A couple of times this weekend, I was also asked a related question, which is "could you use it as your main development machine?".

The answer to that is "I could, but probably wouldn't want to". However, that's because of factors that probably don't impact most developers. The nature of several of our clients (sorry I can't be more specific than that) means that a lot of our mockups and images come to us as very, very, very large Photoshop files with lots of layers. I regularly have to deal with Photoshop files that are a gigabyte in size or larger.

If it weren't for that, and my occasional dabbling in 3D graphics programming, I definitely could use this machine full time. In fact, an 11" MacBook Air with a 27" Apple display, would be a very capable iPhone dev machine for most developers, though I would definitely buy the "ultimate configuration" if you are looking at getting one.



Tuesday, April 5, 2011

Blender 2.57 Objective-C Export Script

A few days ago, the Blender Foundation put out the first release candidate of Blender 2.5. This release unexpectedly broke compatibility with most existing 2.5 python scripts, including my Objective-C header Export Script.

Which was great timing, since I needed to use the script today. I could've just gone back to an older version of Blender, but decided instead to re-write the script to work. I just added to GitHub, the new 2.57 compatible version of the export script. This version is back to being an add-on that you can add through the User Preferences.

I've also added a few options that you can select when exporting (they're on the left side of the file selection screen, underneath the volumes and recently visited locations). You can see the new options in the following screen grab:

Screen shot 2011 04 05 at 2 32 44 PM

The first option lets you specify whether modifiers are applied before exporting the mesh. If you uncheck this, the script will strip the modifiers before exporting, otherwise, it will apply them to the mesh before exporting.

The second option will rotate the object 90° along the X axis, which converts the object from Blender's Z-up coordinate space to OpenGL's Y-up coordinate space. I've made this the default, but I could foresee situations where people would want to skip the conversion.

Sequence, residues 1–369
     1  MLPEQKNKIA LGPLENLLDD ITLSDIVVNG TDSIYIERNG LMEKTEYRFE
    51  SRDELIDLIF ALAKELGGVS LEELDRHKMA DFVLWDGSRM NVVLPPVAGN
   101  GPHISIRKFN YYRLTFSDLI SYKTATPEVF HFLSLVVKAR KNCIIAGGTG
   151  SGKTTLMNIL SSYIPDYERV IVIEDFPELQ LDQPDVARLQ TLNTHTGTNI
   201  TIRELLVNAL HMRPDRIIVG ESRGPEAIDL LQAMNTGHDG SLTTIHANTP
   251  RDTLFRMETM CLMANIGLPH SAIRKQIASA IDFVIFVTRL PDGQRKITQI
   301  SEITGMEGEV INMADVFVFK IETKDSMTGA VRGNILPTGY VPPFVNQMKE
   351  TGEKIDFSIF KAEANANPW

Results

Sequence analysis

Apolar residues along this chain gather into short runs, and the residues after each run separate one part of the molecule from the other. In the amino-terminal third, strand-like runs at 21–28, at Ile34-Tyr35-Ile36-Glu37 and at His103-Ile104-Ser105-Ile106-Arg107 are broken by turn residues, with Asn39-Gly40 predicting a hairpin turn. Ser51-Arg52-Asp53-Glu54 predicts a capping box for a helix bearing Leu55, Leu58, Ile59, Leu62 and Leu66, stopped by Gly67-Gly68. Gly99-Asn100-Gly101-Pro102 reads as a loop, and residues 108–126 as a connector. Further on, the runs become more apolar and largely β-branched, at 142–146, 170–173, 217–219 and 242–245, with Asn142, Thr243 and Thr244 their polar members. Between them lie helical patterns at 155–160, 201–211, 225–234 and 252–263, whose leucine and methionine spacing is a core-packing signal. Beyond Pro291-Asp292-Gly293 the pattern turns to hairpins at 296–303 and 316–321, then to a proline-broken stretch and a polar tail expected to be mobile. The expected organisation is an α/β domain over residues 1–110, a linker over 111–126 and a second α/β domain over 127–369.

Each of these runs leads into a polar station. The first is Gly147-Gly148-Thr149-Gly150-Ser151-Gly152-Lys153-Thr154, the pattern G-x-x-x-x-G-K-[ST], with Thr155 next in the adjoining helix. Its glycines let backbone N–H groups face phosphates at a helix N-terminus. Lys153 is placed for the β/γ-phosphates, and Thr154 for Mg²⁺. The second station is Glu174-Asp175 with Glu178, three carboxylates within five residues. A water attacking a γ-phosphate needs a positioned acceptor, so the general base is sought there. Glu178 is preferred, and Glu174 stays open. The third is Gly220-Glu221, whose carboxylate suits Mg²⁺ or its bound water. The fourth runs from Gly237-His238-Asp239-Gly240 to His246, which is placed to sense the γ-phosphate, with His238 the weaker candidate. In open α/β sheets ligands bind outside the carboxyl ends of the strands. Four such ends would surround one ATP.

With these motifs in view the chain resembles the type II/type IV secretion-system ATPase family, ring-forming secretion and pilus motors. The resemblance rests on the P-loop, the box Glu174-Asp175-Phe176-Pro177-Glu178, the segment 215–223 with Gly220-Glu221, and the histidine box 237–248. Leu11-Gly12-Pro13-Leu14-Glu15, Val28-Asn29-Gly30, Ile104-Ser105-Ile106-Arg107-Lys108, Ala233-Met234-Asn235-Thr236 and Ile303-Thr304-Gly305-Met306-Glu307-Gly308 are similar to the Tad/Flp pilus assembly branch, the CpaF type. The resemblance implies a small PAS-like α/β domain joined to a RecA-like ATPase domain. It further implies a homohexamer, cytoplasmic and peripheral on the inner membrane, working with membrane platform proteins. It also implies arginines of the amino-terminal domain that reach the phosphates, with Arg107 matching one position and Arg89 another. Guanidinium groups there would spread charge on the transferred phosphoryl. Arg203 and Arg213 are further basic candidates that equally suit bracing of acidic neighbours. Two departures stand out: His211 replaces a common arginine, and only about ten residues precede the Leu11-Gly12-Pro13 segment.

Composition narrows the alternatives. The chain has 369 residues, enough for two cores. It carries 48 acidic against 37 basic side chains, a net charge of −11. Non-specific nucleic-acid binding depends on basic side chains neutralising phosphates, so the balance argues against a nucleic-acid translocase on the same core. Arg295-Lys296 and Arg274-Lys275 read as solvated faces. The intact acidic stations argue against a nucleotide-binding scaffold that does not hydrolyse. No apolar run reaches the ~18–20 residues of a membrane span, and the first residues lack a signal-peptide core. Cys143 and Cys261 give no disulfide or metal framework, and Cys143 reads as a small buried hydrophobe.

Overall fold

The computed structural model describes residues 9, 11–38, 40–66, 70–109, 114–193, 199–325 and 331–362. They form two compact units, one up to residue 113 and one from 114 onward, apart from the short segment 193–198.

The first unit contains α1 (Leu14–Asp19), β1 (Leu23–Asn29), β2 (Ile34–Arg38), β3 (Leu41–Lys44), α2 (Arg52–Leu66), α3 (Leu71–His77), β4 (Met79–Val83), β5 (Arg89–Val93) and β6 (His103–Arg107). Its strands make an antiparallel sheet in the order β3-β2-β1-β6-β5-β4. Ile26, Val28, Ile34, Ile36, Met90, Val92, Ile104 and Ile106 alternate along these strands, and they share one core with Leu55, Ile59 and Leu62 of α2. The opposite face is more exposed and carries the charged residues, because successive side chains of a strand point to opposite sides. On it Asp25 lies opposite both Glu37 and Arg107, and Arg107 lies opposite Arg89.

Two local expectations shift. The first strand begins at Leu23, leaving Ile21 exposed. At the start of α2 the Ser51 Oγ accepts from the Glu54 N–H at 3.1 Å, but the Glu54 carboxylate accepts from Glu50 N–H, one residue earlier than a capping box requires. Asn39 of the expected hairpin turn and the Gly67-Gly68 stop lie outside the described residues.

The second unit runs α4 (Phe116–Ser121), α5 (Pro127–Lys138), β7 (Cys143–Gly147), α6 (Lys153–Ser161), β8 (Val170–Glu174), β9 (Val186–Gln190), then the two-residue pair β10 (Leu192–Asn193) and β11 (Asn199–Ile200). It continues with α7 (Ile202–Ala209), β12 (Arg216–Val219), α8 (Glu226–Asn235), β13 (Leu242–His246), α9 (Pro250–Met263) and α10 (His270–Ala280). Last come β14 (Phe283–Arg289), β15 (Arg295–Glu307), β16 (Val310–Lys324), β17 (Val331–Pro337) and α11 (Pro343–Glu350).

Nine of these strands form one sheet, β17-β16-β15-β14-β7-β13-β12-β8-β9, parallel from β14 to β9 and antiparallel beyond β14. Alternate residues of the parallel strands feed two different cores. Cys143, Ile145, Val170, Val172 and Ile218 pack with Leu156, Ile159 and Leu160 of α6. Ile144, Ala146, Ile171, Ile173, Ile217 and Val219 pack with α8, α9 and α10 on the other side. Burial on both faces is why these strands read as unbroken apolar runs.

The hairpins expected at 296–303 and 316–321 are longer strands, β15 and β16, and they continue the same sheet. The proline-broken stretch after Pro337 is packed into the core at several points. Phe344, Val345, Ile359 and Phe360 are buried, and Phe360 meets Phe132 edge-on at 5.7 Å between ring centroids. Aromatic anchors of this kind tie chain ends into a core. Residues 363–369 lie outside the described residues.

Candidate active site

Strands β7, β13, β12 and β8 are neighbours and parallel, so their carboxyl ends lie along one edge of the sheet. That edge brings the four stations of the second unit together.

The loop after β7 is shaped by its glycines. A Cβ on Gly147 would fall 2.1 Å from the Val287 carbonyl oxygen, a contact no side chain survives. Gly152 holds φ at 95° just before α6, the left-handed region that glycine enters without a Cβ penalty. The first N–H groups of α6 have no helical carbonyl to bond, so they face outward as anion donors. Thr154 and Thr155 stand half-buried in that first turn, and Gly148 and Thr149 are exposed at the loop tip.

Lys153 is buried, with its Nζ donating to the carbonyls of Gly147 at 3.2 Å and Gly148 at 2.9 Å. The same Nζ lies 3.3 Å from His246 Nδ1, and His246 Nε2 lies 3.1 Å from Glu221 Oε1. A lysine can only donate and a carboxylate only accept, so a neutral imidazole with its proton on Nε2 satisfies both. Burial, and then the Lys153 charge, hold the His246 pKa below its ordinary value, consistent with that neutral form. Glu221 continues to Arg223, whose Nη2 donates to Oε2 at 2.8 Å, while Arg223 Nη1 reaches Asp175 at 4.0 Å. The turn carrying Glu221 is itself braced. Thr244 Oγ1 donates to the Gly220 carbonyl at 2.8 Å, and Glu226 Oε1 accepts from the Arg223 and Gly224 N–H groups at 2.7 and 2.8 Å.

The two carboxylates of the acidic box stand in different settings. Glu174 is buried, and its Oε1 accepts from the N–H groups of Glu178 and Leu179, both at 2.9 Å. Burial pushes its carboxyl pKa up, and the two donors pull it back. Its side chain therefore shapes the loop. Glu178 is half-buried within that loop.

The final option will move the export the object using its world space coordinates rather than exporting it using object space coordinates. This option will, for example, preserve relative distance between multiple objects exported from the same file into different headers. Or, to put it another way, objects exported will normally have use their coordinates as they relate to the object's origin, regardless of where the object is in the Blender scene. If this is checked, the vertex coordinates will be exported relative to the scene's origin.

NB: There was a problem with the triangulation code in the version posted earlier. If you're having problems, pull again from GitHub.



App Store Review Times by Shiny Development

Dave Verwer of Shiny Development has created a web bot that trolls Twitter for tweets about App Store review times and maintains a running average of both iOS and Mac review times. The results are continuously available at this website. The more people who contribute, the better the data will be, so if you want to contribute, just tweet your review time using the #iosreviewtime or #macreviewtime hash tags like the example tweet.



Sunday, April 3, 2011

Voices that Matter Seattle

This is just a reminder that Voices that Matter Seattle is this coming weekend. I'll be presenting on iOS Multitasking on Sunday morning. I'm really looking forward to it. It looks like there's still space available if you're free this weekend.